Gift gives Flagler another new building

Photo by Charlotte Cudd
The second floor of the new Student Center on Sevilla and King streets begins to take shape and part of the building’s roof is already being worked on. Construction is on schedule, and should be complete by summer with the building opening for the fall semester.

Student Center construction on track for fall and decision on FEC building usage still pending

By Rich Harris

While Flagler College is still discussing how the Florida East Coast office buildings will be used, a recent gift to the college has provided the expanding campus with another new building.

The gift, made by Robert and JoAnn Ellert, will provide for art gallery space. Their home at 48 Sevilla St., located between the Proctor Library and the new student center, will eventually become home to the college president, and an adjoining studio space already there will be expanded to become a college art gallery. The space may also be used for special functions and receptions.

“I’m hopeful that we can start work by April,” Flagler College President William T. Abare, Jr. said about the gallery project.

JoAnn, a retired college professor, author and artist, passed away in early January. The gallery will be named the Crisp-Ellert Art Museum. Several of her self-portraits will remain in the gallery. Robert, also a retired professor and former lawyer, will remain living in the home.

If all goes well, Abare hopes the gallery will be open by January of 2008.

Meanwhile, the new student center is still on schedule to open in September 2007, with construction due to be complete this summer.

A recent survey conducted by the Campus Concerns Committee of the SGA asked students what they thought about opening the new student center to the public. The survey revealed students weren’t in for sharing the space.

“We want to make sure students have a say,” Committee Chair Emily Bermann said. She and her committee plan to take the survey results to Dean of Student Services Daniel Stewart and the President’s Advisory Council.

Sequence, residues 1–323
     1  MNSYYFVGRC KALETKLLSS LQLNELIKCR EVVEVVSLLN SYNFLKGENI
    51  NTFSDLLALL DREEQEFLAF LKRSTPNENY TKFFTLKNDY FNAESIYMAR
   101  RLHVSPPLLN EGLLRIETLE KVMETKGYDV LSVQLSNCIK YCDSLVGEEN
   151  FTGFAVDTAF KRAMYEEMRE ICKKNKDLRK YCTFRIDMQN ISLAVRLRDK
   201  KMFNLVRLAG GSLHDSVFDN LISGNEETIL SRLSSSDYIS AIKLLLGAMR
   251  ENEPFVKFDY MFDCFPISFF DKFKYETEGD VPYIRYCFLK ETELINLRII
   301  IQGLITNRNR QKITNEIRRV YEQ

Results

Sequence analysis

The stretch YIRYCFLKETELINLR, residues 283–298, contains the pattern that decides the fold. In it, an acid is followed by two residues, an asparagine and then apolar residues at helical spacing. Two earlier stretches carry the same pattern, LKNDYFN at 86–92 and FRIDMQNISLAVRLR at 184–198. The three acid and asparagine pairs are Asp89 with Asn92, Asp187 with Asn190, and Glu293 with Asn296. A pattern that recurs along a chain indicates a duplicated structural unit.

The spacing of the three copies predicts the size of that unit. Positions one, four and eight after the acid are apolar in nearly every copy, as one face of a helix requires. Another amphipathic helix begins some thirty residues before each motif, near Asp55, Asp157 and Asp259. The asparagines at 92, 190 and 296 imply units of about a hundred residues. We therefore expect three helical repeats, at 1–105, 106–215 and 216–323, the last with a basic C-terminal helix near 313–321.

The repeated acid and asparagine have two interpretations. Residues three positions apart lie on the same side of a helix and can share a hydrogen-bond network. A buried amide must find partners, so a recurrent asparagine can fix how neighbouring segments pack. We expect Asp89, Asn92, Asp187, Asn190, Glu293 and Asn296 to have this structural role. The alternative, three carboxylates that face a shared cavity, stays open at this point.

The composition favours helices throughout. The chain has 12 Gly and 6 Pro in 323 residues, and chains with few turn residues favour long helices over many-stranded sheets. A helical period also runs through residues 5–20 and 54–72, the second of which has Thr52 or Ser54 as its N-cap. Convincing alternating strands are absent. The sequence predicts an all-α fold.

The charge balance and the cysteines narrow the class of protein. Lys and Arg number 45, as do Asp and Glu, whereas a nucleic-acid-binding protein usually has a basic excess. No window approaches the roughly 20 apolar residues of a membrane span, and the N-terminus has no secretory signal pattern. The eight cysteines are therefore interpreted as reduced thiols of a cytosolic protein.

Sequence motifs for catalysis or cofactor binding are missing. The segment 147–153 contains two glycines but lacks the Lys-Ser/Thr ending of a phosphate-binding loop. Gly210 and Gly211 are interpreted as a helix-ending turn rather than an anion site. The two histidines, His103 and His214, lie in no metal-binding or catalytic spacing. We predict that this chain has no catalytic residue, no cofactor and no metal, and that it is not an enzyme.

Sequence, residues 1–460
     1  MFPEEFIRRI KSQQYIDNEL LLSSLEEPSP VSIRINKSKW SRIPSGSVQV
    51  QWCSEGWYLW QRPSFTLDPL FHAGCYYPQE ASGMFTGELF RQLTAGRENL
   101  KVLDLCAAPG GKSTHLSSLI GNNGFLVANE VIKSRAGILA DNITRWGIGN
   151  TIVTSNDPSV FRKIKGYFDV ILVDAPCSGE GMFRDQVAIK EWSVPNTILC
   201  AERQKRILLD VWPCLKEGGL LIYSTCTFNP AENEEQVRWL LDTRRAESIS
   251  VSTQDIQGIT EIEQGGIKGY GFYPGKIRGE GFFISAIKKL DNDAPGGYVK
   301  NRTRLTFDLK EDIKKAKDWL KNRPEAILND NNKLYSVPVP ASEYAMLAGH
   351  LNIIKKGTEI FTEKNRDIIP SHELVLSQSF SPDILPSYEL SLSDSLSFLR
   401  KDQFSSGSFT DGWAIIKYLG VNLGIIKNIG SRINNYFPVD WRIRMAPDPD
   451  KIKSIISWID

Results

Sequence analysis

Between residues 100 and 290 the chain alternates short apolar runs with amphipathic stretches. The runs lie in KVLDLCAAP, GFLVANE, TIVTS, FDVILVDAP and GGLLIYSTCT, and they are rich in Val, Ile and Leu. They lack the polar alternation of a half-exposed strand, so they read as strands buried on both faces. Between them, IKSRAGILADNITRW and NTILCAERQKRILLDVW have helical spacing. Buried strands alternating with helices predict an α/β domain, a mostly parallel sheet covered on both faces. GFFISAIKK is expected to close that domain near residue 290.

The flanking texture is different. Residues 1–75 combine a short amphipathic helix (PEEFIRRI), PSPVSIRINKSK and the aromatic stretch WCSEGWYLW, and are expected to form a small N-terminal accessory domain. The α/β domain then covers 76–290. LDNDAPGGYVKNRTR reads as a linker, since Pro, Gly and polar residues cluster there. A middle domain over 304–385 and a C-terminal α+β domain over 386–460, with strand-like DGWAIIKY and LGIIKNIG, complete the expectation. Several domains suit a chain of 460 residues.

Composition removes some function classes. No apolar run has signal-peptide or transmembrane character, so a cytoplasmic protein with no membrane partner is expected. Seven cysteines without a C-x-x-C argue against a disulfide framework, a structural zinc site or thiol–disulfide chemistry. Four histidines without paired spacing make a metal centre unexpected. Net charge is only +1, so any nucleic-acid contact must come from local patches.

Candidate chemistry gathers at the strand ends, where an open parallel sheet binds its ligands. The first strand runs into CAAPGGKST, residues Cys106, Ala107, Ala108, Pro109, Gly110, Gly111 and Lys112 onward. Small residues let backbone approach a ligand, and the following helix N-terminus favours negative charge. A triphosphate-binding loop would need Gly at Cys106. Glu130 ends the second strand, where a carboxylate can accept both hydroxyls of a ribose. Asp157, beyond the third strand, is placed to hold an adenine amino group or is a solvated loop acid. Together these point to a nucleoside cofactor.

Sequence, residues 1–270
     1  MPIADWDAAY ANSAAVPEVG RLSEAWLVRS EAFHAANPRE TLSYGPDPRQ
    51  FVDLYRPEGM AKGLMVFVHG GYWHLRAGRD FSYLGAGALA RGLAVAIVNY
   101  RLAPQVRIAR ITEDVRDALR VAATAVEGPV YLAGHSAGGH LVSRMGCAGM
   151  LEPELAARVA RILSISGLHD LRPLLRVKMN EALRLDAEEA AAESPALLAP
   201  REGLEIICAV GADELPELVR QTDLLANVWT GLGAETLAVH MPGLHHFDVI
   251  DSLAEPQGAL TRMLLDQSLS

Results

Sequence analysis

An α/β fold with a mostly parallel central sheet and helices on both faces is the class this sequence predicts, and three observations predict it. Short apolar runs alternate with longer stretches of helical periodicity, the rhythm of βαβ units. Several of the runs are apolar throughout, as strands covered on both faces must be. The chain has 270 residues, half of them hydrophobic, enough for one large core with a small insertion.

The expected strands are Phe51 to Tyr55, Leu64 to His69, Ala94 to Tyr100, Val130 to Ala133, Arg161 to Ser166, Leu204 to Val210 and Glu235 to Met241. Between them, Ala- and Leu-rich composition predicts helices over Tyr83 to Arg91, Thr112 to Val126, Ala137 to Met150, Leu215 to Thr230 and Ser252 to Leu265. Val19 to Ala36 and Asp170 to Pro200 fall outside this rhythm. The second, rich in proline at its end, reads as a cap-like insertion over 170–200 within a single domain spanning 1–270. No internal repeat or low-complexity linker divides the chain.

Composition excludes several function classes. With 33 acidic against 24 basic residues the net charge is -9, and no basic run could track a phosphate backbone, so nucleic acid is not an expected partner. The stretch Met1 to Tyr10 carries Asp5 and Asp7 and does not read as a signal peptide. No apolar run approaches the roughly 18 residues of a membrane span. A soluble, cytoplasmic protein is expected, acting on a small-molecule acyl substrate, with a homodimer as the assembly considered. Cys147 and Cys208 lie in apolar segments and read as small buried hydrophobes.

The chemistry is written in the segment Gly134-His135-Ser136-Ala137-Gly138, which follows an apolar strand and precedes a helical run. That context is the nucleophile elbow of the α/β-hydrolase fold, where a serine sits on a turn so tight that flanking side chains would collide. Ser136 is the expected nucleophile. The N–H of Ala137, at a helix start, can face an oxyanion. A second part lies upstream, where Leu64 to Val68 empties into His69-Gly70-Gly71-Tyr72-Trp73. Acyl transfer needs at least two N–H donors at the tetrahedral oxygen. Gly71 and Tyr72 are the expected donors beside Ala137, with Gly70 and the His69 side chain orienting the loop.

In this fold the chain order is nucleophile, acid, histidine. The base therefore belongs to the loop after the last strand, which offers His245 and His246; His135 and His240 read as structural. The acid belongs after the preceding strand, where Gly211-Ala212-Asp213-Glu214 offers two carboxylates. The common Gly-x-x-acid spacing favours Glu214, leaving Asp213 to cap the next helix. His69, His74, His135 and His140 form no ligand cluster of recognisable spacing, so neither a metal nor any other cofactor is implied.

Survey questions asked students their preference of the student center’s hours of operation and food preferences for the new café (See story here).

“The hot topic of the survey was whether the student center would be open to members of the St. Augustine community,” Bermann said. “Many students felt that it shouldn’t be. Several wrote on the survey that it was a ‘student’ center.” Three-hundred-six students participated in the survey. “We want students to know that their opinion counts,” Bermann said.

Stewart said only opening the food court to the public had been discussed and that no decisions had been made.

A decision on the use of the newly-acquired Florida East Coast office buildings, however, could come as early as February, according to Abare.

The Board of Trustees Finance Committee met earlier this month and will present its recommendation to the full Board when it convenes on Feb. 15.

“By the middle of February we should have a pretty good idea of what we’re going to do with those buildings,” Abare said, although the board could table a decision until it felt better informed. “It’s such a significant decision for us that the board may like to study other options, possibly bring in some consultants [and] get additional input,” he said.

However, Abare says a decision would have to be made by late spring for any hope of seeing any of the buildings in use by fall 2008.

“That would be a drop dead date for me, where I think we could get the job done in 15 months,” he said.

The three buildings, while likely to become classroom, office and dormitory space, may be used in a number of capacities. The college may not even choose to renovate all three buildings at once.

“We’re going to be looking at some alternative plans for the FEC buildings. There are a lot of things that we could do down there,” Abare said, even including options like an expanded fitness and wellness center or a building dedicated to a science program.

“What we have to do is look at our most pressing needs right now and try to anticipate where we would like to be in the next 10, 15 years and make the best decision based on all of the information we have at this time.”

Previous indications were that the Communication Department would move from its home at the corner of Cordova and Cuna Streets to two floors of the FEC buildings, but Abare says “That’s jumping the gun.”

The move, he said, may not be permanent if the board decides to renovate the existing communication building.

“We’ve talked to the Communication Department; we’re having the architect draw plans as if [the move to FEC] is going to happen. But it’s a board decision. The board may decide to move the Communication Department temporarily and then do something on Cordova,” he said.

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